Early and ample snow is the main attraction at Lookout Pass Ski & Recreation Area. For those of us who can hardly wait to get started, Lookout Pass is probably where we will kick off our 2016-17 snow sports season.
This modest resort, with its parking lot at the end of the 1-90 off ramp on the Idaho/Montana state line, is the beneficiary of a microclimate that delivers an average snowfall consistently higher than its nearby neighbors.
“Lookout is fortunate enough to average over 400 inches of snow a year,” said Jason Bergman, Lookout’s marketing director. “We always anticipate having a good season, but this one could be better than par.”
It’s not unreasonable to believe that opening day could be a mere month away, given predictions of above average snowfall in the coming months driven by the La Nina climate phenomenon.
“We got our first snow last week, so we’re a month ahead of schedule,” Bergman said. “Our first snow last year was Nov. 2 and we opened on Thanksgiving. In November, once it turns on, it wants to stay on.”
Aside from its high quality snow, Lookout has built a family-oriented reputation with affordable lift tickets, a free ski school for kids and mellow, user-friendly runs. But the mountain also has a few untamed descents and tight glades that will put a smile on the faces of powder hounds that know where to find them.
You can ski or ride in two different states at Lookout. Three double chairs from the 5,560-foot summit of Runt Mountain open nearly 360-degree access to wide boulevards in a classic alpine setting. Those who prefer steeper, ungroomed terrain head for the Idaho side of the mountain served by chair No. 3. The side country is also tempting, but unless you earn the trust of a local guide, stay in bounds.
“In good conditions with all chairlifts running the mountain spreads out really nice.” Bergman said. “If you’re looking for a nice cruiser with spectacular views, I always recommend Rainbow Ridge. It has a nice double fall line, it’s nice and wide, a really casual corduroy run.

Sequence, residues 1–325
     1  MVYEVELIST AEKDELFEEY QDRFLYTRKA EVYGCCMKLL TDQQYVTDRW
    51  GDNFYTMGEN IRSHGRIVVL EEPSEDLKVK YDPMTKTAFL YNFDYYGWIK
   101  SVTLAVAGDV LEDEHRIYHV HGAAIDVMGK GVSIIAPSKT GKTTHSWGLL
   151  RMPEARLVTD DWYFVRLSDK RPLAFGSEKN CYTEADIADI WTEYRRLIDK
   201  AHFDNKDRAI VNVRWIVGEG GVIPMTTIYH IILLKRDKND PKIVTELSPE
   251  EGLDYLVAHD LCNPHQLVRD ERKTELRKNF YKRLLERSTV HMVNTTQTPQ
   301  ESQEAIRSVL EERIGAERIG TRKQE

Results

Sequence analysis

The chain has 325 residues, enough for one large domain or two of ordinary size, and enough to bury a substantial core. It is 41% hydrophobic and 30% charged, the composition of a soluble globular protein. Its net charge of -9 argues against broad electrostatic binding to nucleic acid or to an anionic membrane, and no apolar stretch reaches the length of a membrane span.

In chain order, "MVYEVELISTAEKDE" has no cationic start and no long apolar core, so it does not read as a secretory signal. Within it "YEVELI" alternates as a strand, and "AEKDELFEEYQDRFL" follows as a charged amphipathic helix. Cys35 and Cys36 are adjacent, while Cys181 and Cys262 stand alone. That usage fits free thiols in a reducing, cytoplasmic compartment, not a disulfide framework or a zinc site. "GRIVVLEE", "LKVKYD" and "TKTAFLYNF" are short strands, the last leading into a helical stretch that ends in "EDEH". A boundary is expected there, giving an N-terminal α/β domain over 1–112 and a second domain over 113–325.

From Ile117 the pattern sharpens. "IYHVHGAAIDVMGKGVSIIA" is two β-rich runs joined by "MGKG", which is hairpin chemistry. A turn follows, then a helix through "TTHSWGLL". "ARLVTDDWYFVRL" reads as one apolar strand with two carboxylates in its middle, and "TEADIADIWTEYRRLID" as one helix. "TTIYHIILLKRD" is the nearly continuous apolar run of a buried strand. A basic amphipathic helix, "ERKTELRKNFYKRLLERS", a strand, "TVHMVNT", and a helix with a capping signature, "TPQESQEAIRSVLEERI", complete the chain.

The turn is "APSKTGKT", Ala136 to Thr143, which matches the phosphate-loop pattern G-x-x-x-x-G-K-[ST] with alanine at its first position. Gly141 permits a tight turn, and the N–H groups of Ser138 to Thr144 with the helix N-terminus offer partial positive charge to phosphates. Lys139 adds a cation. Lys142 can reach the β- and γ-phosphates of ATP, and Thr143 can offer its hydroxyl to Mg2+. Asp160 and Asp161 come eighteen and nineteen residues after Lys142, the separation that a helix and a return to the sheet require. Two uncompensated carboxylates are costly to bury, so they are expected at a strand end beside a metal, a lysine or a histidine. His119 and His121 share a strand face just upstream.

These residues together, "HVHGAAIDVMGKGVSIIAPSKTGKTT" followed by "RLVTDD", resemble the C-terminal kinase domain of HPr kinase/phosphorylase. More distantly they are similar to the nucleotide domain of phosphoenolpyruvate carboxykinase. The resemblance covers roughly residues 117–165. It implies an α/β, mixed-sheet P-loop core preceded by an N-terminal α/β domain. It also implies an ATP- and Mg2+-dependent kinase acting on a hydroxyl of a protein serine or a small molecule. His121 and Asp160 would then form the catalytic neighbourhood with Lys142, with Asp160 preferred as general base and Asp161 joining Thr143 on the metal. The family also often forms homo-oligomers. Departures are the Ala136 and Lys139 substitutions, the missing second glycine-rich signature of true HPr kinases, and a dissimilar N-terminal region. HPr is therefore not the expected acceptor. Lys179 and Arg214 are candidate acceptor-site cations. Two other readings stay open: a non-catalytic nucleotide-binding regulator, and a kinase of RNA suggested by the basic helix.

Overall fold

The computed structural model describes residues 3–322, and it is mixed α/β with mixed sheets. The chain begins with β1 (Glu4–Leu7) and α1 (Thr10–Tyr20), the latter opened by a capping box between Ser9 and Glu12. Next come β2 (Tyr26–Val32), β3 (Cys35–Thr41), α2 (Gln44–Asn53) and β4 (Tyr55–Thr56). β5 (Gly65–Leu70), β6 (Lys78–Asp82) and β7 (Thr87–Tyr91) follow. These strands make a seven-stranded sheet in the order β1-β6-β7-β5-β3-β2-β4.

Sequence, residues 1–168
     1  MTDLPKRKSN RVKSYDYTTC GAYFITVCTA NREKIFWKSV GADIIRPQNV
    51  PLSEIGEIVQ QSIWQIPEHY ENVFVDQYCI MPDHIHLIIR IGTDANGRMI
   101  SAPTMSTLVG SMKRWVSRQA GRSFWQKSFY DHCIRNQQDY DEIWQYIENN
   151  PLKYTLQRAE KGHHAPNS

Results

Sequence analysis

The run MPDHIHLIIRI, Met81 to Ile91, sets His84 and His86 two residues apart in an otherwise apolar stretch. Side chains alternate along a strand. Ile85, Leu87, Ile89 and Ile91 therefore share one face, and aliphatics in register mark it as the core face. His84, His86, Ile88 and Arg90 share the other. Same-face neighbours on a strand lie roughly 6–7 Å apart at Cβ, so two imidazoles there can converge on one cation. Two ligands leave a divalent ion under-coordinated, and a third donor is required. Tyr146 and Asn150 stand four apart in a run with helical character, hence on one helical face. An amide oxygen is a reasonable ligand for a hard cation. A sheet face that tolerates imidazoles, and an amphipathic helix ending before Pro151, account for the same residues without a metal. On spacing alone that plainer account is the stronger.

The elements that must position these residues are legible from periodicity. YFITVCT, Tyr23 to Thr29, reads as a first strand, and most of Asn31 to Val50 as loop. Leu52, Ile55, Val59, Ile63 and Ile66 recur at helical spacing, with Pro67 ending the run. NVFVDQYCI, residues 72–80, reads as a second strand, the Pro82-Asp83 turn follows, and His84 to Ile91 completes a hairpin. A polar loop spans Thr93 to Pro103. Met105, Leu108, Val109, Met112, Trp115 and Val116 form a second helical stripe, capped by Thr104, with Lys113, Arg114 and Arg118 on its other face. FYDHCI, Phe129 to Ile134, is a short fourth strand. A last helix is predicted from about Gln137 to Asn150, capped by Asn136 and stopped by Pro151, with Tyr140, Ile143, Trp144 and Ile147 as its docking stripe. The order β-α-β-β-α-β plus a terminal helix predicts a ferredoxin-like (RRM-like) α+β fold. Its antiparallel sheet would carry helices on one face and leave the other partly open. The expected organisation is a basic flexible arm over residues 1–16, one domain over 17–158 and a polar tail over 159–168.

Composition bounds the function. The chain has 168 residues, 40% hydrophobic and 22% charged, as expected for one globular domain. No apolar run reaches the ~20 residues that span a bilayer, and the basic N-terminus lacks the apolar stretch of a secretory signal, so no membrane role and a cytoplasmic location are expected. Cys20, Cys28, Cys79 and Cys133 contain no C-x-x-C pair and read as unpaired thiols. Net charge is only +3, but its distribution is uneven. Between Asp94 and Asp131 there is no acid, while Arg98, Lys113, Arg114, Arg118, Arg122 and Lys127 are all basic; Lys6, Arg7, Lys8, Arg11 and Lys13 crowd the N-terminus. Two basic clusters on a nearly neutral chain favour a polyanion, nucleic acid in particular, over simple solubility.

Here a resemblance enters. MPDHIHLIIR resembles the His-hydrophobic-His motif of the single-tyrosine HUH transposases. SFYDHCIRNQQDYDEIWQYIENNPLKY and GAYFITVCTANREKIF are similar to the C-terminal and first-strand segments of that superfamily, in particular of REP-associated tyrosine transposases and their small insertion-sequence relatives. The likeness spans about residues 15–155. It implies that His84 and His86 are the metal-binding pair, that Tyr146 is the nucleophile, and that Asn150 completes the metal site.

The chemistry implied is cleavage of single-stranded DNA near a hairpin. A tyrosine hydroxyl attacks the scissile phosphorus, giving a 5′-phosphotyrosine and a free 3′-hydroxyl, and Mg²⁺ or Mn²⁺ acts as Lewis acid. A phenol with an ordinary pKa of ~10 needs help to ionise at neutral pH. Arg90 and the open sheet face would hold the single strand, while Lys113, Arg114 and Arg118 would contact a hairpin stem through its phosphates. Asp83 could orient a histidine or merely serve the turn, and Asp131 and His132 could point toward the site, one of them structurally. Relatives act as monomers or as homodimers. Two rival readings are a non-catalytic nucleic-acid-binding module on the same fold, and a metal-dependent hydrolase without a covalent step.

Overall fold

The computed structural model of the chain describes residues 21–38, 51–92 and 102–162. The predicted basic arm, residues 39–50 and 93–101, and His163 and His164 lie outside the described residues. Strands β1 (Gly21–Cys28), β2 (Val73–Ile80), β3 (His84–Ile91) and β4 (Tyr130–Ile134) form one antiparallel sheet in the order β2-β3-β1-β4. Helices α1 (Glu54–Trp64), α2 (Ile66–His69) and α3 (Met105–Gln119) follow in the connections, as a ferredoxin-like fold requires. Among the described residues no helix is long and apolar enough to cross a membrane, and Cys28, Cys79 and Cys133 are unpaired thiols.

“If you want to get into good trees and powder, my favorite area is Lucky Friday Glades. It actually holds a lot more snow and you can still find powder in there a day or two after a powder day. For something steeper, check out the Idaho side.”
The most obvious change at Lookout this season is the absence of the terrain park on the front side of the mountain; a move Bergman calls a “double positive.”
“We removed the terrain park called Borderline on the Montana face,” he said. That allows for our powder hounds to enjoy more powder runs on the face without a terrain park in the middle of a nice fall line. It also allows us to move features over to the Huckleberry side, and help that park expand a little bit.”
The biggest changes at Lookout are planned for the future. Mountain management has announced the construction of a new 14,000-foot base lodge starting next spring. A long-range expansion plan has been making the rounds with the U.S. Forest Service for the past several years. But when you show up this season, you will find business as usual: a modest, well-managed ski area with a laid back, community atmosphere and great snow.
Child 6 & under
Senior (62 yrs+)
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